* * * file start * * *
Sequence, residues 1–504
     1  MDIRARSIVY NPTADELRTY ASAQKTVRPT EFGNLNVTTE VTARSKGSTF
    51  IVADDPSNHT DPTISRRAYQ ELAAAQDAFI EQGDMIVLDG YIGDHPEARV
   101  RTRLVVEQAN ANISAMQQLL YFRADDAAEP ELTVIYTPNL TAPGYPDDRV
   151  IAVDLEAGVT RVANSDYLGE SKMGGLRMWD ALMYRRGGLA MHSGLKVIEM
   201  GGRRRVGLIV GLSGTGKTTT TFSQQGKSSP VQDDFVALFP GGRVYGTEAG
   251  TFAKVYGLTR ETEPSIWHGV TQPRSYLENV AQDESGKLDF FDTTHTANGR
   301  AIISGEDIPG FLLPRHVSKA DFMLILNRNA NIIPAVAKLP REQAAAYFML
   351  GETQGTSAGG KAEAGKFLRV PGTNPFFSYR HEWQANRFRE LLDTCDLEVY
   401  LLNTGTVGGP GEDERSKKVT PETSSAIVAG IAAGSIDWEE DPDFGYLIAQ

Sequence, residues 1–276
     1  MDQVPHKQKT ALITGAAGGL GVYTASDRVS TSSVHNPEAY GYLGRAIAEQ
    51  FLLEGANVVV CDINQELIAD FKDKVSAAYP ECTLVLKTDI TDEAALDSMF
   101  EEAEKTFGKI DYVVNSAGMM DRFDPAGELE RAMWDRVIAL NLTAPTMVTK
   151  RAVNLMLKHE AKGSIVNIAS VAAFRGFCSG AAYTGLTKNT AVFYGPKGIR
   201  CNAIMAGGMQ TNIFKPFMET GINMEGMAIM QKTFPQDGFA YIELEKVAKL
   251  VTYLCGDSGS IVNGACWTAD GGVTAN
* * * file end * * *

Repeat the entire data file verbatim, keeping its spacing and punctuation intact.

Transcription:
Sequence, residues 1–504
     1  MDIRARSIVY NPTADELRTY ASAQKTVRPT EFGNLNVTTE VTARSKGSTF
    51  IVADDPSNHT DPTISRRAYQ ELAAAQDAFI EQGDMIVLDG YIGDHPEARV
   101  RTRLVVEQAN ANISAMQQLL YFRADDAAEP ELTVIYTPNL TAPGYPDDRV
   151  IAVDLEAGVT RVANSDYLGE SKMGGLRMWD ALMYRRGGLA MHSGLKVIEM
   201  GGRRRVGLIV GLSGTGKTTT TFSQQGKSSP VQDDFVALFP GGRVYGTEAG
   251  TFAKVYGLTR ETEPSIWHGV TQPRSYLENV AQDESGKLDF FDTTHTANGR
   301  AIISGEDIPG FLLPRHVSKA DFMLILNRNA NIIPAVAKLP REQAAAYFML
   351  GETQGTSAGG KAEAGKFLRV PGTNPFFSYR HEWQANRFRE LLDTCDLEVY
   401  LLNTGTVGGP GEDERSKKVT PETSSAIVAG IAAGSIDWEE DPDFGYLIAQ

Sequence, residues 1–276
     1  MDQVPHKQKT ALITGAAGGL GVYTASDRVS TSSVHNPEAY GYLGRAIAEQ
    51  FLLEGANVVV CDINQELIAD FKDKVSAAYP ECTLVLKTDI TDEAALDSMF
   101  EEAEKTFGKI DYVVNSAGMM DRFDPAGELE RAMWDRVIAL NLTAPTMVTK
   151  RAVNLMLKHE AKGSIVNIAS VAAFRGFCSG AAYTGLTKNT AVFYGPKGIR
   201  CNAIMAGGMQ TNIFKPFMET GINMEGMAIM QKTFPQDGFA YIELEKVAKL
   251  VTYLCGDSGS IVNGACWTAD GGVTAN